COLUMN: Fighting for a following

Pat Summitt passed away on Tuesday.

If you aren’t familiar with her, she is the all-time leader in coaching wins in NCAA Division I basketball history. Not just women’s basketball, but men’s too; more wins than names like Mike Krzyzewski, Bob Knight, Dean Smith and Adolph Rupp.

Pat Summitt was a pioneer.

If you aren’t familiar with her, unfortunately you are not alone.

Women’s sports are on the rise across the country, but there’s still a long way to go.

One of the biggest areas lacking is respect.

June 23 marked the 44th anniversary of the passing of Title IX. While it has created opportunities that previously weren’t there for women, it hasn’t had a big effect on the perception of those sports and the respect the players get.

After the Cleveland Cavaliers won the NBA Finals, headlines were written about how Cleveland is no longer the sports market with at least three major sports teams suffering the longest title droughts in pro sports.

The new title-holder, according to many, is Minneapolis-St. Paul.

There’s only one problem with that – it’s not true.

In fact, Minneapolis-St. Paul had a pro sports team at the White House on Monday to be recognized as the reigning champs. The Minnesota Lynx have won three championships in the last five years.

It’s not good enough for many sports fans.

Lynx head coach Cheryl Reeve recognizes this and has gone on the offensive. Whether on social media or in press conferences, she’s not afraid to speak her mind about how the WNBA is portrayed. It’s not about men’s sports vs. women’s sports for her though, saying in a recent tweet, “I like the men’s game too! We can do both.”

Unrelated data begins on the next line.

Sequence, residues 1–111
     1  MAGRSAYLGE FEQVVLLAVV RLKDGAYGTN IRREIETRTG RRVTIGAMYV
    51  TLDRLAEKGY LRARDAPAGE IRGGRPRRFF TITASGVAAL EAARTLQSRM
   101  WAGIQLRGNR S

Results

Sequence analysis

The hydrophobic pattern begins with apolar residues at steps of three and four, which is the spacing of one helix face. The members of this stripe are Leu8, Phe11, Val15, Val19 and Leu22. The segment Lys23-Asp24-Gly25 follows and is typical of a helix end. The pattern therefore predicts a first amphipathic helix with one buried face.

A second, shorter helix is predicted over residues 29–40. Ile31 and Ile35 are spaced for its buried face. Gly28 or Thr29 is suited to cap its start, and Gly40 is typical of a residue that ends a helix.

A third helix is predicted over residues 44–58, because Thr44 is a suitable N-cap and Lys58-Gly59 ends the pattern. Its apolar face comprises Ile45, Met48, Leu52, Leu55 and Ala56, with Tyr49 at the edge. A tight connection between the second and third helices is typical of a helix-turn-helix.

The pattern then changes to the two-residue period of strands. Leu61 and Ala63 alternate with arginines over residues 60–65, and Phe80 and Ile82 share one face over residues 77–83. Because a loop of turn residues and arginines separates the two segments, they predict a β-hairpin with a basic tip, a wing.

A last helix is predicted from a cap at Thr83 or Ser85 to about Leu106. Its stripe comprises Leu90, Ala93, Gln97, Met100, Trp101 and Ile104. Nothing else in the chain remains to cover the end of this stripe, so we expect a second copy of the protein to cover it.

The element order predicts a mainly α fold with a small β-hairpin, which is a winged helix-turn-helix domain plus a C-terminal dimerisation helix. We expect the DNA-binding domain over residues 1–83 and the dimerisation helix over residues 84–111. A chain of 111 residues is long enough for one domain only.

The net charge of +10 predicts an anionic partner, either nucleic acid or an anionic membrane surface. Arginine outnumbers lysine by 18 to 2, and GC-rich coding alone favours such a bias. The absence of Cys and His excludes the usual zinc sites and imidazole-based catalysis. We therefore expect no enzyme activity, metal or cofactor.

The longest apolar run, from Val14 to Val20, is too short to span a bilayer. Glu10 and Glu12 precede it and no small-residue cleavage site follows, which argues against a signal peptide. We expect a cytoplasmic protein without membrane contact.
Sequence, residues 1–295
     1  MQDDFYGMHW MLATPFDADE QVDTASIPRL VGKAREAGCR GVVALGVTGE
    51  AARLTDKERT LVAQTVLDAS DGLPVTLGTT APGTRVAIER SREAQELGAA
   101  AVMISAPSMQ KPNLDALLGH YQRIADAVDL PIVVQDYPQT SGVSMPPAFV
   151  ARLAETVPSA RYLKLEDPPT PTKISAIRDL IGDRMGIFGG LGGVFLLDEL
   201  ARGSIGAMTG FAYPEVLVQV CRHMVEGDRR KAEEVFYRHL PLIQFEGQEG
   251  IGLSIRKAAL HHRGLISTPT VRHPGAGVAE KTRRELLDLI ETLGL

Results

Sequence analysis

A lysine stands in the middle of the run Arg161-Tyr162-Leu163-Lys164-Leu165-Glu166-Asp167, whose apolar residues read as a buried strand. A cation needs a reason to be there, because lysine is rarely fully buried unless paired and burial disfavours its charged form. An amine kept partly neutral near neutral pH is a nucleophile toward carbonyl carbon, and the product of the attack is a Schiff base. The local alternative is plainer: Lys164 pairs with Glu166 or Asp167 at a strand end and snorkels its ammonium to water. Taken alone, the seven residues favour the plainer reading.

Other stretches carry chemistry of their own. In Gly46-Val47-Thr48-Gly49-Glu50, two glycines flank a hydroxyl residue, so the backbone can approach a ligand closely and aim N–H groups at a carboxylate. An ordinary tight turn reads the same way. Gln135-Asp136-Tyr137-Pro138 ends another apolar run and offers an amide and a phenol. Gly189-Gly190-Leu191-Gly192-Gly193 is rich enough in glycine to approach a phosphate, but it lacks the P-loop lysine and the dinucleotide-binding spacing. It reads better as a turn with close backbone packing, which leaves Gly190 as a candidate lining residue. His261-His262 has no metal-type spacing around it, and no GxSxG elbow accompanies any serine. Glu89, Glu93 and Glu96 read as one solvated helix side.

Not everyone sees it the same way, but Reeve won’t give up.

“We feel like every day we’re fighting it but it’s worth the fight,” she said in a recent column by Chip Scoggins of the Minneapolis Star-Tribune. “It drains the heck out of you. There are some days you walk out of here so angry at some of the things that you hear and see because it’s not right.”

One of the upsetting remarks I’ve heard is that a high school boys basketball team could beat a WNBA team. Who cares? It’s a different level of basketball, but that doesn’t make one better or worse than the other.

We’ve been blessed with some great female athletes in the Marshall area over the years – from Mary Jo Miller to Shannon Bolden to Riley Nordgaard, Taylor Reiss and Marah Mulso. Many of these players had high school careers you could put up against any area male athletes and they’d easily hold their own.

The list of names will continue to grow as women’s sports continue to grow. People like Pat Summitt have been pioneers, but it’s the pioneers of today who are trying to take it to the next step.

Cheryl Reeve and her players are part of the growth that will happen. But the biggest growth needs to come from you, the fan.

Give women’s sports a chance. It doesn’t matter what game you go to; just go. You just might be watching the area’s next pioneer for women’s sports.

 -This column was published in the June 30 edition of the Marshall Independent. Direct link:–Fighting-for-a-Following.html

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